But the bigger loss to the film is on the side of the conspiracy. I think we are meant to sympathize with the conspirators a bit more than we do. As things stand Chang is a fun villain, but has no real point to make other than being evil. Cartwright, likewise, is just a hard-liner and finally a traitor. Valeris seems the most guilty in a way, maybe because of how enthusiastically logical she is about the whole thing. But beyond Kirk's remarks in his recorded log entry, and the general lack of enthusiasm for the crew to dine with the Klingons, there are some other signs in the script that almost anyone would have agreed with the conspirators at first. Uhura at the end even says that if they're going to arrest Valeris they should arrest all of them, because they all agreed with her. The thing, is, though, we in the audience didn't, and I think we were supposed to a little. When Valeris makes her plea to the bridge crew that she did the logical thing, that the Klingons could not be trusted, I think she means it earnestly, and yet her conduct is never accepted as being an honest expression of her logical conclusions. Spock seems positively offended by her conduct, but perhaps it would have been more interesting for there to be some acknowledgement that despite having made a bad choice, she still had the goal of helping of the Federation in her core. Something like that. And this is why it would have helped to have Saavik play the traitor, because we already knew and respected her, and it would mean more coming from that something was terribly wrong with the peace process. If someone with a reputation for honor and even compassion says it, we might take it at least a little seriously. And Valeris was right, Gorkon and his daughter were practically the only Klingons actually trying for peace; Chang and no doubt many others would have preferred to fight to the death. Who could have known that Gorkon was actually a visionary? That would take faith; but logic may well have suggested that the Federation was just being set up for invasion.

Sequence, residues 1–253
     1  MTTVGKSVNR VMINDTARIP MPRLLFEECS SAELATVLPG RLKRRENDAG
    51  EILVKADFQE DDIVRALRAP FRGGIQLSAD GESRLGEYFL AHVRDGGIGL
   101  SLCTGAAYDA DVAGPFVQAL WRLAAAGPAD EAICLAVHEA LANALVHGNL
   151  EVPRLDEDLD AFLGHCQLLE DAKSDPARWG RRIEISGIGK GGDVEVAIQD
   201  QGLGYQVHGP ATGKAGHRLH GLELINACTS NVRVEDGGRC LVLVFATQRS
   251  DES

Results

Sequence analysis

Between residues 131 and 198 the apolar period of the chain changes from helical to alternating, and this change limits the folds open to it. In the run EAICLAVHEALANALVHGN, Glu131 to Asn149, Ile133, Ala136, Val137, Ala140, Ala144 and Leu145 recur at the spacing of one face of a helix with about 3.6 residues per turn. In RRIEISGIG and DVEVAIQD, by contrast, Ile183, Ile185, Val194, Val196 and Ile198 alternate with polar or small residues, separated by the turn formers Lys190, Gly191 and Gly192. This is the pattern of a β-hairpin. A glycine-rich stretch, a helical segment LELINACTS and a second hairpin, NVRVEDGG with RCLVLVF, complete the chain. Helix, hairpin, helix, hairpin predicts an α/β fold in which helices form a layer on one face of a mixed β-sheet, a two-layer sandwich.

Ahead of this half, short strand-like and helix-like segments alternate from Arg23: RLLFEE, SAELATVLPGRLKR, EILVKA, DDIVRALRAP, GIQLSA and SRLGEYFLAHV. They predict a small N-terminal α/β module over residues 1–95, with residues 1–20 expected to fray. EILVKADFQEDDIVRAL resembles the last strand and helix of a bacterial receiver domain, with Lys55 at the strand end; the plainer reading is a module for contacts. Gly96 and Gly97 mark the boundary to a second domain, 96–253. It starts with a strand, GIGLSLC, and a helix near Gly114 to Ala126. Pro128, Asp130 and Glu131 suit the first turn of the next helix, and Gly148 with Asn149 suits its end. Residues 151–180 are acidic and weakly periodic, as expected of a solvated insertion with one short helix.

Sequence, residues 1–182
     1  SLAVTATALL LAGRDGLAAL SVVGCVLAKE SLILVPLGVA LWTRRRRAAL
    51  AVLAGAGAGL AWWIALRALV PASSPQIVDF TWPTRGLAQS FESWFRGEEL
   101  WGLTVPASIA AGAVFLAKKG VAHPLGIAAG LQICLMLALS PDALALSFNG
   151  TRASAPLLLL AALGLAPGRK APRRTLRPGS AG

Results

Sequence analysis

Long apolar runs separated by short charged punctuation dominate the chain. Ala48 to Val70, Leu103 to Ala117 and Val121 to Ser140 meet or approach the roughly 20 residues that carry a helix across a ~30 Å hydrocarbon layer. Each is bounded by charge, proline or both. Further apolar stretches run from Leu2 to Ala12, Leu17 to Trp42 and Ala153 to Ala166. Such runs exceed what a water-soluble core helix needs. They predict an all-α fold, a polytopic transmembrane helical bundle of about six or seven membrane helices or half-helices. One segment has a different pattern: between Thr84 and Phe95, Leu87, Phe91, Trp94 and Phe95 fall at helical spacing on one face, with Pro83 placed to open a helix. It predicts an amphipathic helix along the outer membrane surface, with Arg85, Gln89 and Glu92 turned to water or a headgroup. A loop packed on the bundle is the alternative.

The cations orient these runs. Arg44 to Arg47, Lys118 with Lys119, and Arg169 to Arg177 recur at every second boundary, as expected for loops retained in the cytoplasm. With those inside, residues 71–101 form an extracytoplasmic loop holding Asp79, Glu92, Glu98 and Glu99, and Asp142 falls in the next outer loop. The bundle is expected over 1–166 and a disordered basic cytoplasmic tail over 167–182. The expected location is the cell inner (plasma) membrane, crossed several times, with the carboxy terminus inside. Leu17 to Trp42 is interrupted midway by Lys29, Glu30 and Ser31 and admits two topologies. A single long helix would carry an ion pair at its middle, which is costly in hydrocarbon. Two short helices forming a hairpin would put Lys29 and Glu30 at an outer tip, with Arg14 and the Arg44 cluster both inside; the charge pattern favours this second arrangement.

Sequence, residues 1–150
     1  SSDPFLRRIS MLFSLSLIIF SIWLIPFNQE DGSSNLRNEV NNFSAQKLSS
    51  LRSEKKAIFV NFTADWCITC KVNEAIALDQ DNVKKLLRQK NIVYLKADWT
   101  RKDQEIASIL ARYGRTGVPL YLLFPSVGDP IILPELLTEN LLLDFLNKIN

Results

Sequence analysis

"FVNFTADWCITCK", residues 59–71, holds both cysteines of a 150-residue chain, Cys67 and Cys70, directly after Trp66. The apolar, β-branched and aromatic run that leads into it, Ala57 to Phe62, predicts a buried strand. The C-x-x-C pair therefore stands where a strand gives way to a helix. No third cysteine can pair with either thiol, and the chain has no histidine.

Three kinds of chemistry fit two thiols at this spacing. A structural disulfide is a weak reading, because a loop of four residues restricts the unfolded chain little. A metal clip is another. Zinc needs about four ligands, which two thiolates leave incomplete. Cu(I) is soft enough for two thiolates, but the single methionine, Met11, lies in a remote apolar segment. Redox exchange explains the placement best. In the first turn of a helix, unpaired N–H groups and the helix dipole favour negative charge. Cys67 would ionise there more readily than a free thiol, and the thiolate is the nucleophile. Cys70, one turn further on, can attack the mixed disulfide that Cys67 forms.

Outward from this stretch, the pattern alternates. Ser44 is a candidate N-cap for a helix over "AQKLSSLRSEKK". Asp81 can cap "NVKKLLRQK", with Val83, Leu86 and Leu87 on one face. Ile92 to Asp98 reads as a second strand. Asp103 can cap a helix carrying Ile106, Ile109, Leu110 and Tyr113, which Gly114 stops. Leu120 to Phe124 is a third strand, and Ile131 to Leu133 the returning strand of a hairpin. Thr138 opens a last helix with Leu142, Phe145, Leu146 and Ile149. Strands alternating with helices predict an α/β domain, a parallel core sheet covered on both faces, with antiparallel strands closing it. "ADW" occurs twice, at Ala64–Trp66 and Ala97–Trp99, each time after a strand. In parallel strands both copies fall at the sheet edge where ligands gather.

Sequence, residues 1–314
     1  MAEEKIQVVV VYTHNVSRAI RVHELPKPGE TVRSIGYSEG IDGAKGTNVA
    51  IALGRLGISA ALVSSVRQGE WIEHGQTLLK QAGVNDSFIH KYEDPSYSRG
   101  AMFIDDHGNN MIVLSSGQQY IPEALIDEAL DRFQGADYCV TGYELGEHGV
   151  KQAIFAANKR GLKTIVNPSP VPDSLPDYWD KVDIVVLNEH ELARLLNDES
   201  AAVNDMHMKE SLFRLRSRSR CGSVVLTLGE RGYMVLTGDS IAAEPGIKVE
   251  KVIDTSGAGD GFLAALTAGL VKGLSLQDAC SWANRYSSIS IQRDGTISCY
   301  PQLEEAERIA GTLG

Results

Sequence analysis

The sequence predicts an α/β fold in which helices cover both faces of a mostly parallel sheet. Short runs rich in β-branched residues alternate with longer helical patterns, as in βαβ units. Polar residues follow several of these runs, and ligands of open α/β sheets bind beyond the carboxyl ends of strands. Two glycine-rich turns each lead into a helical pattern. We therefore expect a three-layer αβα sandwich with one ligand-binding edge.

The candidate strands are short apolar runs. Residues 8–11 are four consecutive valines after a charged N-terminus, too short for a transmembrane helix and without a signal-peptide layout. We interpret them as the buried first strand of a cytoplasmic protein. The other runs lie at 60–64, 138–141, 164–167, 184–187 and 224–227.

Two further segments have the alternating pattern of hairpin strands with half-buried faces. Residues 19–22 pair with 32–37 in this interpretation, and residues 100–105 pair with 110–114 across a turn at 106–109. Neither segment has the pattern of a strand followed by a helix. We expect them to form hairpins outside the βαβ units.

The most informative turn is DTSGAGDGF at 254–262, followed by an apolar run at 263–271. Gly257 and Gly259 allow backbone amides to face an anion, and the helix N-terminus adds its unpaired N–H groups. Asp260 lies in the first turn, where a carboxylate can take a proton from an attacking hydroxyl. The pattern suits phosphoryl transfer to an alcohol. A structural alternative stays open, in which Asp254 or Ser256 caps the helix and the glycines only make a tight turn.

Another minor but interesting effect of losing Saavik is that we lose the Romulan connection, since she's half Romulan and it would have assisted in explaining the involvement of the Romulans and how they managed to make a go of working with the Klingons to develop the prototype ship. There was little point as it was, but had Saavik been involved the script would have had more room for at least a short scene or two with Ambassador Nanclus and his part in it.
Tue, Apr 11, 2023, 9:58pm (UTC -5)
Positives: Iman is cool af. The make-up was good, too.